Getting a phone interview with a prospective employer is a great first step in landing your next job.
Although most phone interviews are fairly short (anywhere from 5-15min is perfectly normal), there is often a lot riding on the call — after all, a phone interview is essentially an audition from an in-person interview, so you want to make sure it goes well.
The problem? A lot of people can get nervous for a phone interview, or just aren’t comfortable in that environment. Fortunately, the easy solution here is to create what we call a phone interview cheat sheet.
The Phone Interview Cheat Sheet
A phone interview cheat sheet is basically a one-page document (hand-written or typed out) that includes all of the important information you’ll need for your phone call. It is kind of like a variation of your resume made only for your eyes and only for this specific phone interview.
The typical cheat sheet will include some notes on yourself (job history, education, etc.), notes on the position (duties, qualifications, etc.), and any questions you may have for the interviewer. During the call, you can be referencing your cheat sheet to make sure you stay on topic, share accurate information, and remember to ask the questions that you have.
Here’s how you can make the ultimate phone interview cheat sheet to make sure you nail your next phone interview!
1) Consider the Questions You’ll Be Asked
Most phone interviews are designed to (briefly) get to know the candidate and make sure there are no glaring reasons to not invite them in for an interview. Knowing this, these phone calls often follow a similar rhythm, like this:
a) Introduction: Interviewer asks you to tell them about yourself.
b) Job Description: Interviewer shares the basic role and duties of this role.
c) Qualification Questions: Interviewer asks a few basic questions about your qualification.
d) Candidate Questions: Interviewer opens the floor for any questions you may have.
e) Next Steps: Interviewer either asks to schedule an in-person interview or says they’ll follow up soon.
When you start making your cheat sheet, you can begin with notes for each of these sections. For example, if you know that they will ask you to tell them about yourself, it’s often helpful to have 3-5 bullet points written out. That way, you don’t go off on a long tangent about your favorite movie or your childhood dog’s name; instead, you are clear, concise, and well-organized, which is always noticed.
2) Summarize the Position
You can also include bullets on the job description and position qualifications, for reference. As the interviewer asks you any questions about your experience or work history, you can look at your cheat sheet and draw your answers from the notes you have. For example, if one of the qualifications for the position is familiarity with a certain tool or program that you have used, share that information with the interviewer.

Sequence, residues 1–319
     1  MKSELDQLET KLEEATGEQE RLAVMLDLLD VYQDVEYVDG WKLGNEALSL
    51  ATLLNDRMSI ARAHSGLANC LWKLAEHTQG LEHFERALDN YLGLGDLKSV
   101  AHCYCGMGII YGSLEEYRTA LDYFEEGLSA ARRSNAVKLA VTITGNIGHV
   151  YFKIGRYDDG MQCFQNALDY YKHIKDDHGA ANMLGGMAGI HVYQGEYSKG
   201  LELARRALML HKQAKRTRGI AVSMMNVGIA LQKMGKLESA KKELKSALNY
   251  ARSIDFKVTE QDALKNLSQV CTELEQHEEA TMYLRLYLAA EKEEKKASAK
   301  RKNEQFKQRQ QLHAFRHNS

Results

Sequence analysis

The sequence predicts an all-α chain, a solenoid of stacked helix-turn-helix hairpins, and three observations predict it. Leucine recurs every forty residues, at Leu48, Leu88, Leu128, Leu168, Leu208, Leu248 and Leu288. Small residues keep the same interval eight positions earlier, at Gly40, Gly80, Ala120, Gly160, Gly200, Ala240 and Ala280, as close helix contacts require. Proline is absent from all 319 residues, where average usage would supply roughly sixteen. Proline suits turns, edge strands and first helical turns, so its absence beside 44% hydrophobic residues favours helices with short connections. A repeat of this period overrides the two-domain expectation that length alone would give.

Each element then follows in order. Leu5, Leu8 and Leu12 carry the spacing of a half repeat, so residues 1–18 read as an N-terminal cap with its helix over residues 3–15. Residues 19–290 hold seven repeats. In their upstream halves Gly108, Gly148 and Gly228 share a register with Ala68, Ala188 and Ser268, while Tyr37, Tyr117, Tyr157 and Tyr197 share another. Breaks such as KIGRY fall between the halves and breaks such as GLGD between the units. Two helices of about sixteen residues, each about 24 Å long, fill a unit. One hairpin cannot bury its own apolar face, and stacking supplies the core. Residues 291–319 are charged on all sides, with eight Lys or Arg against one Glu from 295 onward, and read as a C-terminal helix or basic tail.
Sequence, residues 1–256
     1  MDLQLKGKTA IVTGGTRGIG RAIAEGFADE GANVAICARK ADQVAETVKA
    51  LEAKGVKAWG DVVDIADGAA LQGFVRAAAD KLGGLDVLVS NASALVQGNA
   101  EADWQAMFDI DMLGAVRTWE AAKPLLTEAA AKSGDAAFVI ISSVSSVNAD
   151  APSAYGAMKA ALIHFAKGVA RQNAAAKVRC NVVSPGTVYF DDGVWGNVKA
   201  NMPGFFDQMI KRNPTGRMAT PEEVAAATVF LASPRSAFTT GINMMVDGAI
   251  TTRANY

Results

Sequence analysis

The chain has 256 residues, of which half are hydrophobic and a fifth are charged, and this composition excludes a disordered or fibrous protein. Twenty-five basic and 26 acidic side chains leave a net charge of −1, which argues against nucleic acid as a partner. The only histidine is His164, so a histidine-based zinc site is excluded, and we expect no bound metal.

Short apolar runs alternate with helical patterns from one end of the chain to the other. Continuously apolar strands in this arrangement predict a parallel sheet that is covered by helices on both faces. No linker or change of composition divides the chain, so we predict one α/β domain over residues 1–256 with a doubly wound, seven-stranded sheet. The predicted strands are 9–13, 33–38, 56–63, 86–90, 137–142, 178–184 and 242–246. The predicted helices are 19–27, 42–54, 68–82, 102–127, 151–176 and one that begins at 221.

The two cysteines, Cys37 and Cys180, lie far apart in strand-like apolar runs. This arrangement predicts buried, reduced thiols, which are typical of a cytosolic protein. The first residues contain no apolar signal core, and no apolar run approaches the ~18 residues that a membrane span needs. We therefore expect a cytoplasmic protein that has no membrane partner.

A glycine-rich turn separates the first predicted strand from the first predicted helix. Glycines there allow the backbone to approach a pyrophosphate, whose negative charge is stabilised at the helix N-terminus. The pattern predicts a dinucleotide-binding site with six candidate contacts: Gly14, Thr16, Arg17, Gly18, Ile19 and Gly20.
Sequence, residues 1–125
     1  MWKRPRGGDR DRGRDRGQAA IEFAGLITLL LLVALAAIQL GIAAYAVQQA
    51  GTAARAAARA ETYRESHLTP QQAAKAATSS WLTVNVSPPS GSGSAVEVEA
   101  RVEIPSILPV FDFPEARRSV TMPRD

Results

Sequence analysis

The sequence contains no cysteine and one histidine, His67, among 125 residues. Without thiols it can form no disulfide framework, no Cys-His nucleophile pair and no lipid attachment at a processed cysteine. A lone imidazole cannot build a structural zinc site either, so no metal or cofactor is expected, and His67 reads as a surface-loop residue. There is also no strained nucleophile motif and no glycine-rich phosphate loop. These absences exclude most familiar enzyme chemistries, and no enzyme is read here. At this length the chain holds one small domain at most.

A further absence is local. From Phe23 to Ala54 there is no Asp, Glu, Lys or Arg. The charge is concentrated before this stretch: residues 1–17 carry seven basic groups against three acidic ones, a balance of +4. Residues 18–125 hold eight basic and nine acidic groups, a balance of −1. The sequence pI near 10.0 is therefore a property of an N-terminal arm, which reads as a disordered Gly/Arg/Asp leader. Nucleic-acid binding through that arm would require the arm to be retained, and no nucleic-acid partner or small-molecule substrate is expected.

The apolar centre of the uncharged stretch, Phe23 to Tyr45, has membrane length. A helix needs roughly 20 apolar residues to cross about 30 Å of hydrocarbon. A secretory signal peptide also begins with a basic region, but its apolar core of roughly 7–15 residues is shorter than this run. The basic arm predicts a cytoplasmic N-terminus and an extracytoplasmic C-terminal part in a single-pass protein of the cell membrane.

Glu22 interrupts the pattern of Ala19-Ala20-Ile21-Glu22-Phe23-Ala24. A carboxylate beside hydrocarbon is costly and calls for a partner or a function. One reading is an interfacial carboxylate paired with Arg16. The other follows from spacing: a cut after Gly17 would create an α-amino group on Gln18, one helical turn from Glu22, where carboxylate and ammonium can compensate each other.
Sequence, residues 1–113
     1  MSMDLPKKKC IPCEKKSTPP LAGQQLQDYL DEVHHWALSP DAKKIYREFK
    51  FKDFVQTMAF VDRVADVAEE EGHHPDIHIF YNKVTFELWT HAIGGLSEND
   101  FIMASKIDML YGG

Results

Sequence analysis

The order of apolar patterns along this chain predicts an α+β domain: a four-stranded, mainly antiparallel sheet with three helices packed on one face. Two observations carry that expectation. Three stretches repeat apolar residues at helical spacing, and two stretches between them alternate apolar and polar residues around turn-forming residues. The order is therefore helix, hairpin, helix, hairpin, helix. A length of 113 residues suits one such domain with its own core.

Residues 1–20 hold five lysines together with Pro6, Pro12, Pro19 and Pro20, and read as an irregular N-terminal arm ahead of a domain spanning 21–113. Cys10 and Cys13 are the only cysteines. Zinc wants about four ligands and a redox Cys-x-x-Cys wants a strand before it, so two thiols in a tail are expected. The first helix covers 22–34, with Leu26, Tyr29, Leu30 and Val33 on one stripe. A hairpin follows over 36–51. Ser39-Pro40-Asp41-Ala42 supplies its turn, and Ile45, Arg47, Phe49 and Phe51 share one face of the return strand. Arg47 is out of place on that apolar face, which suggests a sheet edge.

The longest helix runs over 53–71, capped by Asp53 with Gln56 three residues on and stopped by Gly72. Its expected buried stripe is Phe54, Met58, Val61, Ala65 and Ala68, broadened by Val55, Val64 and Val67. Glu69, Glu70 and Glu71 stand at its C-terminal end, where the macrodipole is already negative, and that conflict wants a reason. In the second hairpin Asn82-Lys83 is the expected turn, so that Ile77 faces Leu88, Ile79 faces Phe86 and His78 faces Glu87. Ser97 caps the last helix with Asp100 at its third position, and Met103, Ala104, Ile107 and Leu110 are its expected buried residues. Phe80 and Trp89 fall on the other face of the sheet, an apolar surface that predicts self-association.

Typically, the best phone interview cheat sheets will include 3-5 bullets for each the duties/responsibilities and the qualifications sections.
3) Add Your Own Questions
99% of the time, interviewers turn the floor over to the candidate during the call, allowing you to ask any questions about the position or process that you may have. One of the big “no-no’s” of the interview process is not having anything to ask, as this can either show a lack of interest or awareness on your part.
So, to make sure you are prepared, use your cheat sheet as a place to include a few questions about the opportunity. Specifically, you could have three types of questions:
a) Questions about the business/organization’s history, products, services, culture, or future
b) Questions about the specific role and/or job duties
c) Questions about the interview process, like next steps and timelines
Of course, some (if not all) of your questions may be answered by the interviewer while they fill you in on the company and role, and that’s OK. If this happens, just politely let them know that they answered all of your questions — and, to show that you really did have questions, let them know how they helped. For example, if your question was about company culture, and they previously shared what it’s like to be in the office, it’s OK to let them know, “I was really interested in your company’s culture and the information you provided helped a lot.”
4) Include Logistics
Finally, an important piece of any phone interview cheat sheet is the logistics: things like the interviewer’s name, company name, job title, and even the interviewer’s email address (to remind yourself to send a thank you email after the call).
It may sound too obvious, but candidates can forget the name of their interviewer sometimes, so keeping it big and bold at the top of your cheat sheet is a must. Or, something else that happens more than it should, is candidates can forget which job they are talking about, especially when they are going through phone calls and interviews for multiple positions.
Keep it simple and stay on track by writing out the logistics of the interview and the position.
There you have it! Using the above tips, you can craft the perfect phone interview cheat sheet for your next call. If you’d like some additional resource on prepping for your interview, check out our Ultimate Interview Prep Guide!
Or, if you’d like to work with a Milwaukee area staffing agency, tell us about yourself here!